The last day is over! Well, not really. We still have to travel back home tomorrow, but today was our last day of service. We only planned for half a day so it wasn’t as heavy but there were still people with need and we were there to help.
A First For Me
I have been on six of these trips as chaplain, translator, and surgery scheduler. Every time I have come on a trip I have been offered the opportunity to observe a surgery. Now this does not mean I get to watch it behind a glass from far away. This means I get to stand in the OR (that means operating room if you were wondering) and see the action as it is happening. I have never been interested in doing that, but I decided this was the year. They were going to do a C-section and someone had mentioned seeing one the day before and how amazing it was. I think FOMO took a hold of me and I decided I would watch the surgery.
I was not prepared for what I witnessed in that room. A C-section is one of the most intense and violent procedures I have ever witnessed. There was a moment that myself and the daughter of one of the surgeons retracted back against the wall as if someone had punched us in the face. We couldn’t believe what we were witnessing. The cutting, the pulling, the blood, and then…the gentle cry of a baby. He was right. It was amazing, and I’m so glad I witnessed it with my own eyes. I will never forget that moment.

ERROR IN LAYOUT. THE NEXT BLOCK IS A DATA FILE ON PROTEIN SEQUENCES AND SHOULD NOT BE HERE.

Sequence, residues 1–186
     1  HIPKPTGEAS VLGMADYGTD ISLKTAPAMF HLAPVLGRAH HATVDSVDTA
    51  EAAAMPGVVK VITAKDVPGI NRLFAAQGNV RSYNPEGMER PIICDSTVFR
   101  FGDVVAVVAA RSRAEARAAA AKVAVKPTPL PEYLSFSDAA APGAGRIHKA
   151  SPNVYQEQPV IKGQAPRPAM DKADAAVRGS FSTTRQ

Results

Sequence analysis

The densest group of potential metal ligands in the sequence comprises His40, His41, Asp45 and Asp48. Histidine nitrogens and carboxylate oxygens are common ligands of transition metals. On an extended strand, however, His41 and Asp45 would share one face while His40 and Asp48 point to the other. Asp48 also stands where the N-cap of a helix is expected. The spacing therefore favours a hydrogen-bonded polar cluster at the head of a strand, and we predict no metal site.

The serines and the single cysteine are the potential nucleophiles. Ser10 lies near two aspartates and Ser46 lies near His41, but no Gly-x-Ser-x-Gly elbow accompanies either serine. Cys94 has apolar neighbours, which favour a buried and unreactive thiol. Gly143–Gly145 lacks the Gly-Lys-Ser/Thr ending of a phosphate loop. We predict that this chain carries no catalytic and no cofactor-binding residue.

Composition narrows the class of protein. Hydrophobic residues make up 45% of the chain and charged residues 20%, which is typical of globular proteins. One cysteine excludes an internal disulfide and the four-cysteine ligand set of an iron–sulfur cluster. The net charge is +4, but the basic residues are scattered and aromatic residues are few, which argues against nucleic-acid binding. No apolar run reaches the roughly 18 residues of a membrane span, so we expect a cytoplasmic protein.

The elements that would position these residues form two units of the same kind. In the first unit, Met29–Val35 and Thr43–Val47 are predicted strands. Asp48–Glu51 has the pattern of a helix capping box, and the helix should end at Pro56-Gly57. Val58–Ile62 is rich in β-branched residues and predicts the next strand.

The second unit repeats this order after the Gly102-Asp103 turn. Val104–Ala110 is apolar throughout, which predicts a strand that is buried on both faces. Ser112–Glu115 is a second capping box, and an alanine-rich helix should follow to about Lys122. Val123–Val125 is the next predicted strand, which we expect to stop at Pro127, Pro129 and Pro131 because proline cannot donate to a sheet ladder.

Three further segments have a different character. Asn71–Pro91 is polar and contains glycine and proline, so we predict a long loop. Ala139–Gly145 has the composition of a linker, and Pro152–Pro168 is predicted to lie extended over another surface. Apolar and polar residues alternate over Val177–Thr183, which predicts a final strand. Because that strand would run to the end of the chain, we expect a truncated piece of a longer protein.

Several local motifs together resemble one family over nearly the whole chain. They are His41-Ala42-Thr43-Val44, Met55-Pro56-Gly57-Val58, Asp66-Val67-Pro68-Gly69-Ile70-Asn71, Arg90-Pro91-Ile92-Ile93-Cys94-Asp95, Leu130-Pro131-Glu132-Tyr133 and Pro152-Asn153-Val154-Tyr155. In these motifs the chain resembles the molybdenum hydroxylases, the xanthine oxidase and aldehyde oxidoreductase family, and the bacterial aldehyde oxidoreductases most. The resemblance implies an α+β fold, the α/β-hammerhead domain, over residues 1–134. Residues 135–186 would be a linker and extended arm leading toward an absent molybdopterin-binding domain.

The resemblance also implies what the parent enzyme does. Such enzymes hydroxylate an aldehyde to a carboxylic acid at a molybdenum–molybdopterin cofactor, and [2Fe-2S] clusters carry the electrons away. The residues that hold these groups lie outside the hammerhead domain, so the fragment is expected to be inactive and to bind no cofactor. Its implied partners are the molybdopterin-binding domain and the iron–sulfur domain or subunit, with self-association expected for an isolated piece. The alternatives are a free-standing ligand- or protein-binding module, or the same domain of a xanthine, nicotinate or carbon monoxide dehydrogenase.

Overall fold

It Comes To An End
And that’s that. The week is over and we pack up to head home tomorrow. We helped a lot of people, and many we couldn’t. That is the interesting emotional ride you experience on a trip like this. You feel great about all the people you are able to help. In the end, with surgeries, procedures, and consultations, we helped over 900 people. That is awesome! But there were so many that we couldn’t help.
The fourteen year old girl who is in constant pain because she has an inflamed fallopian tube. The 15 year old girl who has cancer in her femur and will probably have to have her leg amputated. The woman who has a growth on the side of her face that can’t be operated on because of the possible damage it could do to her face. All the poor people who are dealing with years of pain and discomfort but can’t get relief because they have no money and we ran out of time.
That is what we face every time we come. But in the end we just have to be content with the people we were able to help and prepare ourselves to come back, because there are more people we can touch and make their lives better. And that truth keeps us going.